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Title: A mutation in the vesicle-trafficking protein VAPB causes late-onset spinal muscular atrophy and amyotrophic lateral sclerosis
Authors: Nishimura, A. L.
Mitne-Neto, Miguel
Silva, Helga Cristina Almeida da [UNIFESP]
Richieri-Costa, Antonio
Middleton, S.
Cascio, D.
Kok, F.
Oliveira, Joao Ricardo Mendes de
Gillingwater, T.
Webb, J.
Skehel, P.
Zatz, Mayana
Universidade de São Paulo (USP)
Universidade Federal de São Paulo (UNIFESP)
Univ Edinburgh
Univ Calif Los Angeles
Issue Date: 1-Nov-2004
Publisher: Univ Chicago Press
Citation: American Journal of Human Genetics. Chicago: Univ Chicago Press, v. 75, n. 5, p. 822-831, 2004.
Abstract: Motor neuron diseases (MNDs) are a group of neurodegenerative disorders with involvement of upper and/or lower motor neurons, such as amyotrophic lateral sclerosis (ALS), spinal muscular atrophy (SMA), progressive bulbar palsy, and primary lateral sclerosis. Recently, we have mapped a new locus for an atypical form of ALS/MND ( atypical amyotrophic lateral sclerosis [ALS8]) at 20q13.3 in a large white Brazilian family. Here, we report the finding of a novel missense mutation in the vesicle-associated membrane protein/synaptobrevin-associated membrane protein B (VAPB) gene in patients from this family. Subsequently, the same mutation was identified in patients from six additional kindreds but with different clinical courses, such as ALS8, late-onset SMA, and typical severe ALS with rapid progression. Although it was not possible to link all these families, haplotype analysis suggests a founder effect. Members of the vesicle-associated proteins are intracellular membrane proteins that can associate with microtubules and that have been shown to have a function in membrane transport. These data suggest that clinically variable MNDs may be caused by a dysfunction in intracellular membrane trafficking.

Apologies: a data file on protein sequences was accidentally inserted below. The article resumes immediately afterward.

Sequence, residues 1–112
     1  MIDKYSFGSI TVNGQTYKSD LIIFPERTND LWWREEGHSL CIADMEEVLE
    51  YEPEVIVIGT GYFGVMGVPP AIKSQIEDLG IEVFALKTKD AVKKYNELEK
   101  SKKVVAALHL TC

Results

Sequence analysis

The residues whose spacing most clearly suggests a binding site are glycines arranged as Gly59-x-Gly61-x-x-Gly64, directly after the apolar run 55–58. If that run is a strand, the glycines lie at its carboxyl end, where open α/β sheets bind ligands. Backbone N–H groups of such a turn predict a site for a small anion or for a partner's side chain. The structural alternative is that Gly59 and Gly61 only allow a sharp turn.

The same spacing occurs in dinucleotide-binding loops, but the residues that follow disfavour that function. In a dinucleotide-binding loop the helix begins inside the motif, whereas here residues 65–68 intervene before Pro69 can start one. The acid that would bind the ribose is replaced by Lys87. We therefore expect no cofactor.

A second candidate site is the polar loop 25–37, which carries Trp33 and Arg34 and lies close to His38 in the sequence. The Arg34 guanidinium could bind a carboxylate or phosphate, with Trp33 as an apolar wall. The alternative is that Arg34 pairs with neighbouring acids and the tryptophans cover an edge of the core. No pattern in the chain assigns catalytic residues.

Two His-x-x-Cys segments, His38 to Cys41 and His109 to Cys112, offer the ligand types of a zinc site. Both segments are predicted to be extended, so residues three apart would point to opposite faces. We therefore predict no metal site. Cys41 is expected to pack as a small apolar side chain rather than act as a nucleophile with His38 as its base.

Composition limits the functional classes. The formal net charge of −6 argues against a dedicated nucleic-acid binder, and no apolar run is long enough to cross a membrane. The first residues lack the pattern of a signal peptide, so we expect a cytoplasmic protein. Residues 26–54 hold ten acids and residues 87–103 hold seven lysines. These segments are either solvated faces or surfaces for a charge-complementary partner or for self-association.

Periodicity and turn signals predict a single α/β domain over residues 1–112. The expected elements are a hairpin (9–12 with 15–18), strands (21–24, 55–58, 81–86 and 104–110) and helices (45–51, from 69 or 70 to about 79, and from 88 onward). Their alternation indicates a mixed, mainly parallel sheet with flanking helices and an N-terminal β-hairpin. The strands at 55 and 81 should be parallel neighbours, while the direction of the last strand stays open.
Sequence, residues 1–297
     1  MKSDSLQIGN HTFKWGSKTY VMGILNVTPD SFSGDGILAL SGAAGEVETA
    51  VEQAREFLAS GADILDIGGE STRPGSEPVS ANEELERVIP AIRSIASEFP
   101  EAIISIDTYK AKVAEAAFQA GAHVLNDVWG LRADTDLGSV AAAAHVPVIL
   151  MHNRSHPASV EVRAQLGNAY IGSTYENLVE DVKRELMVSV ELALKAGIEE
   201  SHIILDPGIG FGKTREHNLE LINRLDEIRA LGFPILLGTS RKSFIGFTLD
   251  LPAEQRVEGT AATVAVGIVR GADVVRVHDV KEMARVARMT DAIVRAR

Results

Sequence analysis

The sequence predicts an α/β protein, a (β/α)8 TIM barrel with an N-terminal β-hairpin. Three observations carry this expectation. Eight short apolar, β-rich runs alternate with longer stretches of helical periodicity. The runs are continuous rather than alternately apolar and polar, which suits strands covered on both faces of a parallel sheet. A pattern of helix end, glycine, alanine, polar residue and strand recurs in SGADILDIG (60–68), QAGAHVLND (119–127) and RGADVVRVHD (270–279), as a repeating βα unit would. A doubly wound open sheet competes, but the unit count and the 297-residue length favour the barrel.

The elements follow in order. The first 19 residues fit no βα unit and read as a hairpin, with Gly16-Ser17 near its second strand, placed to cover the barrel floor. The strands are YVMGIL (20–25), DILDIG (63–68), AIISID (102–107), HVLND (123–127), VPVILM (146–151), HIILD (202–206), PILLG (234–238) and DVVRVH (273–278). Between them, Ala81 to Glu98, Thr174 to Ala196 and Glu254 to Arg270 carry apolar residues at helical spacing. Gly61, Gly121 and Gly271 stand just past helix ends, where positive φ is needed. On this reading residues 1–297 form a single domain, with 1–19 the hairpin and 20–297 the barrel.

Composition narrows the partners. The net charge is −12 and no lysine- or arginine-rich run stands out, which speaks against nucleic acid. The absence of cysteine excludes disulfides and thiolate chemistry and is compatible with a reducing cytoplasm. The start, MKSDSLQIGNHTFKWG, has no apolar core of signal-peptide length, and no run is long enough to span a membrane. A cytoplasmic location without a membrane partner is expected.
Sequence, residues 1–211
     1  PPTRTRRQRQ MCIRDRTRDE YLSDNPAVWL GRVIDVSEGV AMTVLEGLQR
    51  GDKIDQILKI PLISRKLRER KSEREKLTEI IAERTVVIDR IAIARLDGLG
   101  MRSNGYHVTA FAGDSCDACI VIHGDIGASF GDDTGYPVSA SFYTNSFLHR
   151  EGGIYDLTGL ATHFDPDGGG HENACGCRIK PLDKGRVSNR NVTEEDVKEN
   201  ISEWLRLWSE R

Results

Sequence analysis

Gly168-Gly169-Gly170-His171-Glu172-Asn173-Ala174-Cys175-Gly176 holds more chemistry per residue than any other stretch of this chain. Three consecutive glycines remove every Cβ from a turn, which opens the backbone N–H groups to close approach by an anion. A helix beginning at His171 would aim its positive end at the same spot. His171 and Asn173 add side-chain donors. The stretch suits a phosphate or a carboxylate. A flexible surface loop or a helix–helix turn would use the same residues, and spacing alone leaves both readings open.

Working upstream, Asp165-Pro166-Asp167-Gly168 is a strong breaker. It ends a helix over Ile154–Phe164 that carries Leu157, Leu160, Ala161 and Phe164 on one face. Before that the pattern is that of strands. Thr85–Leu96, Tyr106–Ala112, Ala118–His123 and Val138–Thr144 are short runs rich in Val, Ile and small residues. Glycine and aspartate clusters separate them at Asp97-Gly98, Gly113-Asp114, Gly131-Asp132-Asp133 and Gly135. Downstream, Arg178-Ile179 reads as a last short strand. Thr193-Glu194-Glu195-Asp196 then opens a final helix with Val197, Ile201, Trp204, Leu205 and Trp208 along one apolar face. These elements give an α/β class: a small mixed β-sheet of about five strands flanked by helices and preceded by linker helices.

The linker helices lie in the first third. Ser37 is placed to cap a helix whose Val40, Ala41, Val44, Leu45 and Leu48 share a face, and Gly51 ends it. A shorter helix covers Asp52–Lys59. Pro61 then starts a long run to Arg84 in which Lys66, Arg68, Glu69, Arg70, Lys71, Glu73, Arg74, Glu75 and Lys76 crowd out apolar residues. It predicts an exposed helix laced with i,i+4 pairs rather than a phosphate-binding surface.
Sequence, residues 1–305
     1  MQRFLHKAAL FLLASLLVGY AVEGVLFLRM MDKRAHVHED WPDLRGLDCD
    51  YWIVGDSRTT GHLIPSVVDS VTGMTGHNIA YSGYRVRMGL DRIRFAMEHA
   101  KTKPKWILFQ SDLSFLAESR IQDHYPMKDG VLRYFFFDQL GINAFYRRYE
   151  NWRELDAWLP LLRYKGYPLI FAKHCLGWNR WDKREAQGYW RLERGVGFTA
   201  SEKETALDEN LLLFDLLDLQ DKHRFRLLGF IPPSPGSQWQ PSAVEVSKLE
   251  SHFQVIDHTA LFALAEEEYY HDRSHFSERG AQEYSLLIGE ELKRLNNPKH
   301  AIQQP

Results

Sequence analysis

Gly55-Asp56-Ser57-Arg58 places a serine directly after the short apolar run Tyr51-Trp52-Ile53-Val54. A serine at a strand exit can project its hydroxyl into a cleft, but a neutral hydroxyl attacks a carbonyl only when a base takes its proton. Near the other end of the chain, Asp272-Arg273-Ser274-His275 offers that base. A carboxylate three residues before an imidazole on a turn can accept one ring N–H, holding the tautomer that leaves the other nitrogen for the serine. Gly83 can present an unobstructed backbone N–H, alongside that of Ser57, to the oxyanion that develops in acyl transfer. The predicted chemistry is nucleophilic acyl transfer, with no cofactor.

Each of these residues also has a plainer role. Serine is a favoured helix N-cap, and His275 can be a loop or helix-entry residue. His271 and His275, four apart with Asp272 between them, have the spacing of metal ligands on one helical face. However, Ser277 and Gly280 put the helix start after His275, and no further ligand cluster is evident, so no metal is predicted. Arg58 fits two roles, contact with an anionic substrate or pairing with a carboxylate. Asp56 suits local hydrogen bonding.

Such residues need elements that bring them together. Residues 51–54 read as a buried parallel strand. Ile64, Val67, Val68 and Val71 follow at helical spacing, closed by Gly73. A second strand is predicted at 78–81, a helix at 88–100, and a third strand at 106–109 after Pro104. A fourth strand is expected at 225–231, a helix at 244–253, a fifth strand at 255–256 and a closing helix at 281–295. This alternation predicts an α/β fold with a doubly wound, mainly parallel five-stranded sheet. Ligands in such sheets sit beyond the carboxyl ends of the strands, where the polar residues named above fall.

ISSN: 0002-9297
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